Some economists are, however, not impressed. They challenge the very idea which they say is being pushed by dominant countries to erode the credibility of developing nations. Suspicious of the glorification of social enterprises, they direct their criticism to the government, which they say is ineffective and keen to absolve itself of its basic responsibility — providing its citizens with basic amenities and services.
Dr Nadeemul Haq, an economist and planning minister in the last PPP government, is critical of both the purpose and functioning of social enterprises. “No, they are not filling in for the government for the provision of amenities. They are selling social causes to amass wealth for themselves and families. There are some exceptions but they are few and far between.”
“When so many social enterprises are working with such huge budgets for so long, why has the change not materialised? It is because either they are not as efficient and effective as they like us to believe or they are a complete farce,” he said.
“The answer to development challenges in Pakistan can only be provided by a stronger, clean, efficient and accountable democratic government. We need public debate on economic strategy options to develop a future plan. The last time one heard of a strategy was 35 years back when Dr Mehbubul Haq was active,” he tells Dawn by phone from Lahore.
He is also suspicious of donor countries and agencies. “It is not always easy for donors to sell their agenda to a government mandated to act as a gatekeeper of national interest. Economically distressed credit seekers are easier to manipulate. Look closer at the working of social enterprises to understand the game,” he says.
An independent watcher in the know of affairs says, “Convinced of the superiority of the private over public sector, models are tested to deliver social services using market tools. It suits the government, which withdraws from its role of service giver using the excuse of limited resources. The global development partners prefer to trust everyone but the government to deliver on their behalf.”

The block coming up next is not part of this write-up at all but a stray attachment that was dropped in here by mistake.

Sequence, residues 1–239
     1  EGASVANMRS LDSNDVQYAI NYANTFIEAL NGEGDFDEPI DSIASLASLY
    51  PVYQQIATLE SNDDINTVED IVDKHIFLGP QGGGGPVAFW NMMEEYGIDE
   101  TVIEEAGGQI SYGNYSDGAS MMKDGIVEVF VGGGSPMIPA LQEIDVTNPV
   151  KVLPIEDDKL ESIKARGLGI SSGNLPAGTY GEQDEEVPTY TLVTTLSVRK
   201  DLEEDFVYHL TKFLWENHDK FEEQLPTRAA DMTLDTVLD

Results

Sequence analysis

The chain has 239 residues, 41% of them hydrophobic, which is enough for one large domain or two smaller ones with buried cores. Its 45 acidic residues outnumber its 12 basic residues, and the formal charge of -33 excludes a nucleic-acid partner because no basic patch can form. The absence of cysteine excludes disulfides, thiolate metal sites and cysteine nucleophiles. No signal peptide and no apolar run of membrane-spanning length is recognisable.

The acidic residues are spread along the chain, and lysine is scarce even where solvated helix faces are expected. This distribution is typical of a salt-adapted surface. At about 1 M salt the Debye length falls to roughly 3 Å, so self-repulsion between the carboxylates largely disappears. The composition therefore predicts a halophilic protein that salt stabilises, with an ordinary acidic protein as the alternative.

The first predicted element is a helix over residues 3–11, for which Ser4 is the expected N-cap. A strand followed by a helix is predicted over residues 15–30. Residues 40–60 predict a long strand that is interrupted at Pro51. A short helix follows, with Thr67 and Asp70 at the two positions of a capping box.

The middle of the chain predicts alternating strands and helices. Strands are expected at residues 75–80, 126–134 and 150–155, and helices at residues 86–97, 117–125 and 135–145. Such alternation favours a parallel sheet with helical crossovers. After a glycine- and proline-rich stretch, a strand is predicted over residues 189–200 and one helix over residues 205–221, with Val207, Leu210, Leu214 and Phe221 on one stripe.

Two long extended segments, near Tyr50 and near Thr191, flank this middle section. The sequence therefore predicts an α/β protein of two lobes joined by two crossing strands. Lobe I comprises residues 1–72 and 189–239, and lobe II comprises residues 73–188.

He also criticises the role of media in this regard, saying: “The convergence of interests of donors and social enterprises has created an economic environment which is conducive to the expansion of the sector while staying under the radar.”
Asad Amanullah, a former president of the American Business Council who left his corporate career to follow his heart, mailed the following response to questions raised by Dawn.
“Social enterprises are finding their calling due to inability of the government to provide basic facilities like education, health, clean water, vocational training, etc. I don’t see the government responding to social emergency with urgency due to which we will continue to see proliferation of more social enterprises. The key is to make sure these enterprises have strong governance, otherwise they can become as huge a waste as some government schemes.”
Published in Dawn, The Business and Finance Weekly, February 19th, 2018